Immortality and use-by dates, both of which have issues

I went to use a sunscreen I hadn’t used for a while this week and first checked the expiry date which, I discovered, passed in 2012. We bought the sunscreen in Canada in 2010, and I like the smell which reminds me of that trip. I also like an Australian sunscreen, a tacky zinc-based one that attracts sand like glue attracts sparkles, because the smell makes me think of beach holidays and I figure something that greasy must be doing its job. When I saw the date on the Canadian sunscreen I checked the Australian one. It expired in 2009. I will have to throw both sunscreens away, I suppose.

This led me to existential questions. Since use-by dates became ubiquitous in the 1980s, there have been only two kinds of people in the world, those who follow them slavishly, and those who ignore them. I was an ignorer who married a use-by date nut and so we’ve had to compromise, or I’ve had to compromise because on use-by dates, my husband is not his gentle self. It’s true I do not like waste. I will conjure a week’s meals around a leftover half a cabbage (cabbage being a thing I particularly hate to throw away). My attitude to tomato paste, which seems to grow a beard of mould in a matter of hours, is that if you can scrape the mould off and see red, you can use the paste. Cheese also, can be resuscitated using this method. My husband calls many of the cherished things I store in the refrigerator science experiments. It’s not worth it, he will say, if I suggest that the fresh-smelling chicken breast whose expiry date was yesterday (well, actually, the chicken expired some time ago so it’s an afterlife we’re speaking of) will be okay for dinner. He tells me that the $20 to replace the chicken wouldn’t buy the Imodium to solve the problem it will create. 

Australia’s food standards require packaged foods to be marked with “best before” or “use by” a date (with “baked on” or “baked for” acceptable on baked goods). The “best before” date is supposed to mark the “end of the period in which the package of food will retain any specific qualities for which claims have been made.” The “use-by” date is the date beyond which the “package of food should not be consumed for health and safety reasons.” From this point of view, my husband is right. When you take these dates with a grain of (preserving) salt, you are playing with your own use-by date. Sunscreens are also listed in the Australian Register of Therapeutic Goods. They must have an “expiry” date that’s three years from manufacture. If you ignore the expiry date, it may not bring forward your own expiry but the sunscreen may not do the job it’s supposed to do.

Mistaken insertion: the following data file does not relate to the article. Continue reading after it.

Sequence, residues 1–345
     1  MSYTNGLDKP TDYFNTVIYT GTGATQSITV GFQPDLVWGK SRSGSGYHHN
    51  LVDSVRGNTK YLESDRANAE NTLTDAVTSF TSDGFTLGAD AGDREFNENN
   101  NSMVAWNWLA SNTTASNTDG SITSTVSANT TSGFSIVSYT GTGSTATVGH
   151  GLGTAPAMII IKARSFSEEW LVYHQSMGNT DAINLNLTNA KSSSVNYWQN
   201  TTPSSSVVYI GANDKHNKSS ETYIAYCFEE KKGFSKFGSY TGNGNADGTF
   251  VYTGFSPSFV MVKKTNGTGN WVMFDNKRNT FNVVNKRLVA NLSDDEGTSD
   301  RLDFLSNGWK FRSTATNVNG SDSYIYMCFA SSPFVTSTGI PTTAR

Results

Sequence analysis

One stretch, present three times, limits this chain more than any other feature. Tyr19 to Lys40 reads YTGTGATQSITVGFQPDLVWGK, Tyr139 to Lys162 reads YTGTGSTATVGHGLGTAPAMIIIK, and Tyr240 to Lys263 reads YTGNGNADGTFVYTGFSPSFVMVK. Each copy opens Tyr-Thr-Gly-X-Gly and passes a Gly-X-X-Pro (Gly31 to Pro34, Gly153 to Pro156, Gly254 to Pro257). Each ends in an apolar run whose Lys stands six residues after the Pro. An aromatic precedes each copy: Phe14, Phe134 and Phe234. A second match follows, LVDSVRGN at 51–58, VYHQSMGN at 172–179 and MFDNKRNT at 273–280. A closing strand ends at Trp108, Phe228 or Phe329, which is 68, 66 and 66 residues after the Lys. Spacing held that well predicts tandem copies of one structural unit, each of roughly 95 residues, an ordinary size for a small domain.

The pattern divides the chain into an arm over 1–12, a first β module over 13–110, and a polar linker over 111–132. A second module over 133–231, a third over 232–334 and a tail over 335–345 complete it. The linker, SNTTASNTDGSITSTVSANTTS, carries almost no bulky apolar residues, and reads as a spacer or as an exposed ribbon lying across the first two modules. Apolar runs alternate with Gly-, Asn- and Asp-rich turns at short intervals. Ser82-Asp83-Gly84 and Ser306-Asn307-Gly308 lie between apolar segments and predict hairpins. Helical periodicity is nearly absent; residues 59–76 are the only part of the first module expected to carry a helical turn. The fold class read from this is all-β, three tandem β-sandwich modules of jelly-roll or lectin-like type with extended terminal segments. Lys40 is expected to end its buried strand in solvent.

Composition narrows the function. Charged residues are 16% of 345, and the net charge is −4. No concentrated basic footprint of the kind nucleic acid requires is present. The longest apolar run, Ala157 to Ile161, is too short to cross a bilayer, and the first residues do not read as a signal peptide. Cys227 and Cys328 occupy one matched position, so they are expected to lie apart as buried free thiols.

Advising consumers about the life of foods and other perishable items may have became necessary as we moved further away from the farm, but in the developed world we now throw out almost as much as we consume. Even our packet noodles have a use-by date, I discovered. Is there anything organic, let alone perishable, in noodles?

To use-by date nuts like my husband, I often say fresh milk, because fresh milk is the product that best usurps a “use-by” unilaterality. Milk has a use-by date, of course it does, and when we use our noses we know what it is. But there are too many variables between the cow and kitchen bench to name that date ahead of time. If you went with the date that’s on the carton, you’d be drinking some sour milk and throwing out plenty of fresh.

The Buddhists tell us that we will only be at peace when we face our own impermanence, our own “best-before” and “use-by” and “expiry” dates. We spend our time scratching in the dirt of life to leave our mark, to make ourselves immortal, missing meanwhile the trees and birdsong and gentle rain (and perfectly acceptable food) that are that life. I’ve never been any good at Buddhism. Maybe that’s why I prefer to ignore use-by dates, most especially my own.